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Almost a fifth of Britons don't use the Internet

Discussion in 'Personal' started by Duke of York, Sep 10, 2019.

  1. Duke of York

    Duke of York Star commenter


    It seems that government predictions of how many people use the Internet are based on spurious data. Yet the trend to make government services difficult to access for people without the Internet continues unabated.

    In another of today's news stories, Sainsburys back-tracked on an experiment to have till-free stores. https://www.bbc.co.uk/news/technology-49652026 saying the public wasn't ready for this yet.

    "Customers had to scan their groceries using Sainsbury's Pay & Go app, paying for them as they went around the shop.

    But it resulted in long queues at the helpdesk as people attempted to pay for their groceries in the traditional way.

    Sainsbury's said it had learned "a huge amount" from the experiment."

    Had either the government or Sainsburys asked my opinion, gleaned from years of technology and dealing with people, I'd have told them their assumptions were way out.

    We all know that eventually it should be possible to live in an entirely connected world, but in my opinion this stuff is at least thirty years premature. At the best guess by experts, only 80% of the UK population has a smartphone, which would be required for Sainsbury's till-free shops to be useable. The number of people of all ages in my experience, who own smartphones but have been able to use them without encountering some sort of glitch is miniscule.

    Who on earth makes such idiotic assumptions that it's simple to introduce technology in such far reaching ways, without considering how the fifth of our population who can't cope with it yet will become excluded?
  2. Jude Fawley

    Jude Fawley Star commenter

    I'm purposely training myself to forget how to use technology. I've reverted to my non-internet mobile phone and I keep everything very simple re internet use.

    I won't use an 'app' until people use the correct term 'application'. By then I won't use one anyway.

    I'm working towards getting back to just the radio and my own stock of movies.

    I knew what the politicians of the seventies looked like but never took up television and newspapers as my parents had.

    I didn't see any images of politicians until I got the internet in 2007. Jack Straw had aged.

    I knew voices but had never been able to put a face to them.
    T34 and hhhh like this.
  3. TCSC47

    TCSC47 Star commenter

    The people who develop all these modern technology uses have lived with their creations since the beginning and really don't seem to have an appreciation of the waffle barrier that the rest of us mere mortals have to climb to access whatever it is they have built.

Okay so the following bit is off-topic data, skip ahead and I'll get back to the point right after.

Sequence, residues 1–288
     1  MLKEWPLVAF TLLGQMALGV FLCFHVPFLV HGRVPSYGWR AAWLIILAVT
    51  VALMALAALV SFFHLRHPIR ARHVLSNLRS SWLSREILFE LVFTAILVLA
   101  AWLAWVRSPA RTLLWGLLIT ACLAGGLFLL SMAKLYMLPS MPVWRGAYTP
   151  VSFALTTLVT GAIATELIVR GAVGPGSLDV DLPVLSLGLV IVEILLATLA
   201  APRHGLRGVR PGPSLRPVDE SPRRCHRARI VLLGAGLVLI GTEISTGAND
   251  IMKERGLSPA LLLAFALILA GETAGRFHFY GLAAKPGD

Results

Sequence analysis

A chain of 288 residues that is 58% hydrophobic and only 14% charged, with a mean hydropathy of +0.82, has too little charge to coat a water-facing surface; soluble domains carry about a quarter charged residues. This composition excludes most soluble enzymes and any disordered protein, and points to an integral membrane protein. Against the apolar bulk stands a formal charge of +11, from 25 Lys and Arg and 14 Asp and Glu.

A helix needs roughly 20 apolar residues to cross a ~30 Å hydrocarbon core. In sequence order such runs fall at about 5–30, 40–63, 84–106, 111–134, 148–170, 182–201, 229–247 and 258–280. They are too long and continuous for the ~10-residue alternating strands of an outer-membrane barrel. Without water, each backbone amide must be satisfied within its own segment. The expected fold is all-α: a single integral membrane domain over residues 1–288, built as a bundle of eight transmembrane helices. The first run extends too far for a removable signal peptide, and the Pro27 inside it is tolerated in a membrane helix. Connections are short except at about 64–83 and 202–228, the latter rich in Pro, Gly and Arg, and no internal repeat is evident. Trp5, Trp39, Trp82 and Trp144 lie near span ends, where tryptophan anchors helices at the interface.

The thing that frustrates me and greatly irritates, is, after struggling to climb over that waffle wall, gaining a great feeling of accomplishment and a really useful tool, they bring out the next version and change the device ever so slightly and this throws us back behind the waffle barrier again. In particular I'm thinking of the Window operating systems and Office Suite. I remember when I first mastered these essential tools, thinking job done. Now to get on and produce some good work.

    Then along comes version 2, 3, 4 and so on.Tomorrow's lessons have to be ready and I'm pulling my hair out trying to find how to change the font or some such trivial thing. Several hours later, small hours of the morning, I finally manage it, but there is still so much to do! It was only a small change and appeared to offer little in the way of better performance, but still has to be sorted! But finally succeeding in getting ourselves up to date we find that the application is still dead easy. That is, until next time they have to bring out another version.
    Bedlam3 likes this.
  4. kimberlyrandall572

    kimberlyrandall572 New commenter

    Agreed..Actually they lack appreciation..Also changing the device too early is bit a sign of maturity..So yeah i also think about the same point
  5. LondonCanary

    LondonCanary Star commenter

    Amazon Go stores continue to open in the US with no cashiers, no cash, and no scanning. Smart phone owners walk in, select products, walk out.
  6. florian gassmann

    florian gassmann Star commenter

    For people with fewer than three arms it is very difficult to hold a wire basket in one hand, an item to be scanned in a second hand and a scanning device in a third hand.

    It is one of the reasons why I won't use a personal scanner in Waitrose (plus the fact that a fourth hand is needed for the complimentary cup of coffee).

    It is "scan as you shop" that is at least as much the problem as technological issues. Fixed-position scanners for customer use (as in many branches of Sainsbury as well as Waitrose and others) are VERY much easier to use.
    Last edited: Sep 11, 2019
    TCSC47 and Duke of York like this.
  7. Dodros

    Dodros Star commenter

    I still remember the 1980s BBC TV programmes accompanying the introduction of the BBC microcomputer. One of the presenters took pains to argue in favour of us thinking very carefully before adopting every piece of new technology in sight. By way of illustration, he took out his fountain pen and told us how much he still used and valued it for the individuality it gave him in our "brave new world".

    Although I got into computing as long ago as 1983, attending BASIC programming courses, exploring the online Minitel and Bildschirmtext services well before the Internet really took off, deploying ICT in those pioneering days when it enhanced my MFL lessons and speaking about it at MFL teachers' conferences at home and abroad, I have no desire to "graduate to" a smartphone. "Having everything in one place" may appeal to many, but I've also witnessed people who have done so and lost their precious smartphone, surrendering immediately to nightmares about criminals busy emptying their bank accounts using their lost data.